“So one week before the election, we have here a bunch of states that are deciding to do their own quarantine and the regime is flipping out,” Limbaugh said. “Obama and his gang are flipping out. They want to be in total control of the quarantine. And so one week before the election, once again New Jersey Gov. Chris Christie has caved and is seen as – we need to quarantine Chris Christie, is what need to happen here, folks.”

“This is the second election in a row,” Limbaugh continued. “One week prior to an election, the governor of New Jersey ends up, oh I don’t know – arm and arm, hand and hand, in bed with – I don’t know how to characterize it, but responding to Obama’s demands. I’m not a conspiracy theorist, but this – I think the Republicans ought to make sure Chris Christie from now on, once we get to a week before an election. We need to find a way here – in the middle here, taking center stage of another national crisis, another Obama hug moment and Gov. [Andrew] Cuomo doing the same thing. But that kind of makes sense because Gov. Cuomo and Obama are in the same party.”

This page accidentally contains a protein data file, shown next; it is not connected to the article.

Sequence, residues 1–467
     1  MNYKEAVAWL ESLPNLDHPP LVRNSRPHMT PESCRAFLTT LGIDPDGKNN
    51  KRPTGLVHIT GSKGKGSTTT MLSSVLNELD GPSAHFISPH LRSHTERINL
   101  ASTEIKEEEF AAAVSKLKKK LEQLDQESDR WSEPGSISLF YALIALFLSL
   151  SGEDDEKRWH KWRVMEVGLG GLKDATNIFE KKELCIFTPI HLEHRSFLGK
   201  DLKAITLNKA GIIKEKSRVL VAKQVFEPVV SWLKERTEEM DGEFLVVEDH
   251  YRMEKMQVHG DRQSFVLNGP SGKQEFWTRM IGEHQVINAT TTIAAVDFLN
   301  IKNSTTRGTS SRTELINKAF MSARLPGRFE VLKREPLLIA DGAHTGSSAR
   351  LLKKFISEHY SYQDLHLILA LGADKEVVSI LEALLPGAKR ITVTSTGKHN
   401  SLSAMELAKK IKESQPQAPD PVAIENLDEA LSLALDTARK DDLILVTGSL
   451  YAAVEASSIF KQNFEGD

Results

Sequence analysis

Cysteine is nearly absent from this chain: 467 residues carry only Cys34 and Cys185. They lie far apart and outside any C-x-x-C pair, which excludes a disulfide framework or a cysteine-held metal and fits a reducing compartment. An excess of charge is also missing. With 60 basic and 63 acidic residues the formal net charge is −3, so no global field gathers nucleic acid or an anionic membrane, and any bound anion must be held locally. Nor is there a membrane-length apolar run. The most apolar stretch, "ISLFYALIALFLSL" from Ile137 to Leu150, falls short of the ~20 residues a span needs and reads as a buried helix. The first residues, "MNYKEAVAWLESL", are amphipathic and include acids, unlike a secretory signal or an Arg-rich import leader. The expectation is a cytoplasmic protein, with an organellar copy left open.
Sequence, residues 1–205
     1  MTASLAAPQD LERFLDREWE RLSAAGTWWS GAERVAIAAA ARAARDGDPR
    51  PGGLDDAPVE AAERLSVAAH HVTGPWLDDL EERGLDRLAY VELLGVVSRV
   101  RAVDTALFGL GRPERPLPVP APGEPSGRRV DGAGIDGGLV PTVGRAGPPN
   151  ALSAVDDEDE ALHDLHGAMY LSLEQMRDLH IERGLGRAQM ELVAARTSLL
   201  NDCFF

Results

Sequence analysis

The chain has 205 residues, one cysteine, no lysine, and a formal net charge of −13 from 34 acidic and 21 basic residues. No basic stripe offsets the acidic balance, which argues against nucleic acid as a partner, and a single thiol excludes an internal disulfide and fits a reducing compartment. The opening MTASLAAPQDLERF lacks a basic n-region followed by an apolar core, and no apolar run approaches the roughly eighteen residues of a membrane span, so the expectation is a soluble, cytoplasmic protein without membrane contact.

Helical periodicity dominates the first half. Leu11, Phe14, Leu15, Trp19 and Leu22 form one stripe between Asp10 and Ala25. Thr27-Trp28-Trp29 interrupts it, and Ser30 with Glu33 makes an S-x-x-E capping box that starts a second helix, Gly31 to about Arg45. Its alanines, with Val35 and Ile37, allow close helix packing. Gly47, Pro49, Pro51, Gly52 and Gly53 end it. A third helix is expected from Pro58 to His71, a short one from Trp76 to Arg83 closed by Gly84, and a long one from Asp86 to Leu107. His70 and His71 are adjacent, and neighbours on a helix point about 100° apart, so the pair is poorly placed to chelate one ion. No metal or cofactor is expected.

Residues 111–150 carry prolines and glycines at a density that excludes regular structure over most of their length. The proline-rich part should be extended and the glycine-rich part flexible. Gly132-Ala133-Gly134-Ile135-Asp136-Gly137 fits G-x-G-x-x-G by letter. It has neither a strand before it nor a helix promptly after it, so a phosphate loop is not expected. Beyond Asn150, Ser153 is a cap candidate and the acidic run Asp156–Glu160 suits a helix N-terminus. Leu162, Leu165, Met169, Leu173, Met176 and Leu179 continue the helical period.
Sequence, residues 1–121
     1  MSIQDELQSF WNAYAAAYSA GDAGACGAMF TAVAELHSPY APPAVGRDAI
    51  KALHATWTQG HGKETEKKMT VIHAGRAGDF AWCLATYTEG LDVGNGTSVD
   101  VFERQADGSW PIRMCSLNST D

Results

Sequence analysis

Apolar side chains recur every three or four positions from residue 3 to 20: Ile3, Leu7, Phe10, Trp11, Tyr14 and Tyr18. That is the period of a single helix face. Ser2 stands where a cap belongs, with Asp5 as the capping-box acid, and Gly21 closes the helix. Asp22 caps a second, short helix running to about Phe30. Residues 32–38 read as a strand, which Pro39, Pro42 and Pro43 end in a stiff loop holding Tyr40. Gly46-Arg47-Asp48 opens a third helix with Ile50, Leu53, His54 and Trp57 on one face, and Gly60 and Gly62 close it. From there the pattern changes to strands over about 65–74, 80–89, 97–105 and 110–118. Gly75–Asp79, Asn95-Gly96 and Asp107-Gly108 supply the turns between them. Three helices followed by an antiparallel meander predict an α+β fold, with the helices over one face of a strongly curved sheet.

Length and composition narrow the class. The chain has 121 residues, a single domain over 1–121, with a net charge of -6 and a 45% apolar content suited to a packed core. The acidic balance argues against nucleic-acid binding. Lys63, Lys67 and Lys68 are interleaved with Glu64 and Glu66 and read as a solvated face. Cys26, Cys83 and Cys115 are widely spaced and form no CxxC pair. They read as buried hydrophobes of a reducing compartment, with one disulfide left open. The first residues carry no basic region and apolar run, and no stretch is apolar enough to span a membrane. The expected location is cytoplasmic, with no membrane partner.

Despite the fact that New Jersey’s Ebola quarantine remains in place, conservatives have savaged Christie for somehow “backing down.” This is nothing less than a pathological.

Chris Christie did not deserve the left’s self-satisfied recriminations when he instituted stricter measures aimed at curtailing the spread of Ebola in America, programs which enjoy broad support, and he does not merit the scorn heaped upon him by the right for refusing to indefinitely intern a person who likely does not carry the disease.

The right is deeply mistrustful of Chris Christie and, on some level, he has earned their suspicion. In this case, it is clear that apprehension among the right toward Christie is verging on compulsive and insidious. Liberals did not enjoy a victory when Hickox was transferred out of containment, but, by insisting Christie somehow endorsed the White House’s position, the right is busily handing them one.